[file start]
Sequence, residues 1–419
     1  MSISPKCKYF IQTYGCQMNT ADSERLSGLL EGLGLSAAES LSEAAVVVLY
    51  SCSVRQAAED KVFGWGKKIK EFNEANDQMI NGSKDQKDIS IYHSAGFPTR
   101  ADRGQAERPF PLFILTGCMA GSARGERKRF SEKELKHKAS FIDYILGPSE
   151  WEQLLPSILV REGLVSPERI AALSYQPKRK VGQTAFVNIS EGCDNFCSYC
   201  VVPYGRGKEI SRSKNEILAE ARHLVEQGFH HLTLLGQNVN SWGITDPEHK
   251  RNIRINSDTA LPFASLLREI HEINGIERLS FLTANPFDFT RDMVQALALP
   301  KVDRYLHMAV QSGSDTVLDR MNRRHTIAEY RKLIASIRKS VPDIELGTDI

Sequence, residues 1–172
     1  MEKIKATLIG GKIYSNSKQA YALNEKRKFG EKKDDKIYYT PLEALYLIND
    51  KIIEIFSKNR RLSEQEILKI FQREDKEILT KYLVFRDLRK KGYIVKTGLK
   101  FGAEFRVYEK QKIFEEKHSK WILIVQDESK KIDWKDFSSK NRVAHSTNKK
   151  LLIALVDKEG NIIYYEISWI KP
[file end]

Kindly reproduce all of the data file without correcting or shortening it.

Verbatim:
Sequence, residues 1–419
     1  MSISPKCKYF IQTYGCQMNT ADSERLSGLL EGLGLSAAES LSEAAVVVLY
    51  SCSVRQAAED KVFGWGKKIK EFNEANDQMI NGSKDQKDIS IYHSAGFPTR
   101  ADRGQAERPF PLFILTGCMA GSARGERKRF SEKELKHKAS FIDYILGPSE
   151  WEQLLPSILV REGLVSPERI AALSYQPKRK VGQTAFVNIS EGCDNFCSYC
   201  VVPYGRGKEI SRSKNEILAE ARHLVEQGFH HLTLLGQNVN SWGITDPEHK
   251  RNIRINSDTA LPFASLLREI HEINGIERLS FLTANPFDFT RDMVQALALP
   301  KVDRYLHMAV QSGSDTVLDR MNRRHTIAEY RKLIASIRKS VPDIELGTDI

Sequence, residues 1–172
     1  MEKIKATLIG GKIYSNSKQA YALNEKRKFG EKKDDKIYYT PLEALYLIND
    51  KIIEIFSKNR RLSEQEILKI FQREDKEILT KYLVFRDLRK KGYIVKTGLK
   101  FGAEFRVYEK QKIFEEKHSK WILIVQDESK KIDWKDFSSK NRVAHSTNKK
   151  LLIALVDKEG NIIYYEISWI KP